Where is She Now?

Were you a participant in J4J? Did you send a tape or attend a screening?
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Chainletter Filmmakers:

The Frozen Chainletter

Cristine Brache, Untitled (A Joe Clark Production)
January 30, 2017

How did you find out about Joanie 4 Jackie and how old were you at the time?
I found out about Big Miss Moviola/J4J through my interest in Miranda July. I don’t remember exactly how I found out about it, however I do remember it was around the time between its transition to Bard. I remember feeling like I had just missed the chance to be a part of the project — because I thought the project ended, and feeling sad about it. I was thrilled when I saw it open again. I was 17 when I found out about it and 21 when I submitted my video.

What interested you about the project?
The idea of connecting with other young creative women in this very unique way fascinated me. Of course also that it came from Miranda July. July’s early work was very influential to me. The prospect felt very intimate and also legitimizing. To have my video included with the project made me feel like I was a part of something and that I was visible.

At the time you participated in Joanie 4 Jackie did you consider yourself a filmmaker? What was your relationship to making movies?
Yes, I started making video art when I was 17. The video included in the Frozen Chainletter was my first attempt, made in 2002. I was in TV production in high school and the teacher was very lax. She used to write me passes to get out of other classes to come work on personal video projects. She would also let me and a handful of others stay after school to use the equipment in the studio so long as we were discreet and didn’t tell anyone. The school wasn’t a very good one but had an excellent production studio for some reason. I learned about video and editing using an analog VTR and avid. Students used to make bootlegs of blockbuster video rentals and I also remember someone had a copy of the R. Kelly piss tape. He was also making bootlegs and selling them to other students. To my knowledge only five or six students out of all the TV production periods used the facilities to make video art.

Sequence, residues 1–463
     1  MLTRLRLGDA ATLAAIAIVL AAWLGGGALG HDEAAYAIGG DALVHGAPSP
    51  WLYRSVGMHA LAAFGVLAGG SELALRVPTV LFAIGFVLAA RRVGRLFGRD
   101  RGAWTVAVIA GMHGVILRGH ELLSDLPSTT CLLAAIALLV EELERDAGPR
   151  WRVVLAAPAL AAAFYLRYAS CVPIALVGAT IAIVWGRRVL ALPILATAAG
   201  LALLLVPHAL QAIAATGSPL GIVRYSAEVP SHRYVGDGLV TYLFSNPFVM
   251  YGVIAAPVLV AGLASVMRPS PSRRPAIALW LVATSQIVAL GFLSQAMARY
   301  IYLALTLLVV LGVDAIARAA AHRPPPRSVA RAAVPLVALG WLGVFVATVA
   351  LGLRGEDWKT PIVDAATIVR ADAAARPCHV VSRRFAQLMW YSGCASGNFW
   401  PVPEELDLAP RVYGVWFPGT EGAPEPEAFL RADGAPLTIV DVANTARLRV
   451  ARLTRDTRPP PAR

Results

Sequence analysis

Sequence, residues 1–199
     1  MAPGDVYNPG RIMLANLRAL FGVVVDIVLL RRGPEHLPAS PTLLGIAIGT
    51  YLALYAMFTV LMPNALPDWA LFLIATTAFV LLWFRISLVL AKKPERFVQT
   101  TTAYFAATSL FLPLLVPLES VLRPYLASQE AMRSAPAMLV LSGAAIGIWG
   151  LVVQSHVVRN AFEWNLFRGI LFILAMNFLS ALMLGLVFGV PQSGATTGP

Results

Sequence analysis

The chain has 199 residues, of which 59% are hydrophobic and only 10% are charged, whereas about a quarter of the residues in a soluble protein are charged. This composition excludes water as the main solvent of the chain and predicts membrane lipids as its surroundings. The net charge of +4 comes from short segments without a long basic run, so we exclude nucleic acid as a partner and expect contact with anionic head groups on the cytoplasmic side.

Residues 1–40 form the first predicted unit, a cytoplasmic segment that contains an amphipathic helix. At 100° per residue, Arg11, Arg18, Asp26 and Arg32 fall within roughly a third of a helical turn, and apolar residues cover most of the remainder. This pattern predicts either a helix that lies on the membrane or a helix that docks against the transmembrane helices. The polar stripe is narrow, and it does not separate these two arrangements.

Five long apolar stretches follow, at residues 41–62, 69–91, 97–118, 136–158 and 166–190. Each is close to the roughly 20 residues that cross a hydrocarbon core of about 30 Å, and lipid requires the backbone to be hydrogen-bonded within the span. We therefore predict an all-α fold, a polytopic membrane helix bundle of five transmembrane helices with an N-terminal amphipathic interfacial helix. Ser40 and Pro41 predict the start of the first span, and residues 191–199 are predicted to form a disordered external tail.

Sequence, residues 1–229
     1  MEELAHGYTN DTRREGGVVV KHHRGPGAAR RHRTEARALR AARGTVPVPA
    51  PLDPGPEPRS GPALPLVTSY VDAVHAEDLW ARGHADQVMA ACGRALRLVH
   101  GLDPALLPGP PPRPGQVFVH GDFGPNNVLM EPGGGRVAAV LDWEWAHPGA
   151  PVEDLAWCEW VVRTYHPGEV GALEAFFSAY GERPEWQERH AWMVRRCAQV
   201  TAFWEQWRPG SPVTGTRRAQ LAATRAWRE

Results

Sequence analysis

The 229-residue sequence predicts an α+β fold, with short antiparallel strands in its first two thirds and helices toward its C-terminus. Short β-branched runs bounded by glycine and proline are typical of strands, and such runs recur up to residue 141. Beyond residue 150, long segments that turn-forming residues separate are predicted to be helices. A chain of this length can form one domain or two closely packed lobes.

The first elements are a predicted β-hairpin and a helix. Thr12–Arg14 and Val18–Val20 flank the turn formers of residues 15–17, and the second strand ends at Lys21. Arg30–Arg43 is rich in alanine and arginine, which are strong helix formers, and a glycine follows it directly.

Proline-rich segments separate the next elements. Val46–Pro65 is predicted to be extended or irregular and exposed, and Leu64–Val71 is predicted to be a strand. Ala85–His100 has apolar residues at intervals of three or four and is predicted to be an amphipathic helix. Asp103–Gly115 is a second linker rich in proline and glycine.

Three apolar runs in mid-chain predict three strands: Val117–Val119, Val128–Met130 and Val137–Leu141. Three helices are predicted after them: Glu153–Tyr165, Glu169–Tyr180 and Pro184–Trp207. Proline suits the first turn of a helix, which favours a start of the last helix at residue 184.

Do you have any specific anecdotes or memories associated with your movie?
Well, I was a virgin when I made the video. I made it because I wanted to get the attention of my first love, who broke my heart many times and was also making video art at school. The same person who introduced me to Miranda July when I was 15. The video was made at Matheson Hammock Park in Miami, Florida with my friend Maritza. I played a man who is sexually attracted to trees and would masturbate at parks. Maritza, played a park visitor who caught the man masturbating and having sex with a tree. The man runs off and the tree gets upset at the woman for interrupting their lovemaking. The tree becomes violent and chases after the woman, violently killing her. I don’t know that the story can be understood.

What did you think/feel about the Joanie 4 Jackie at the time? And now, in retrospect?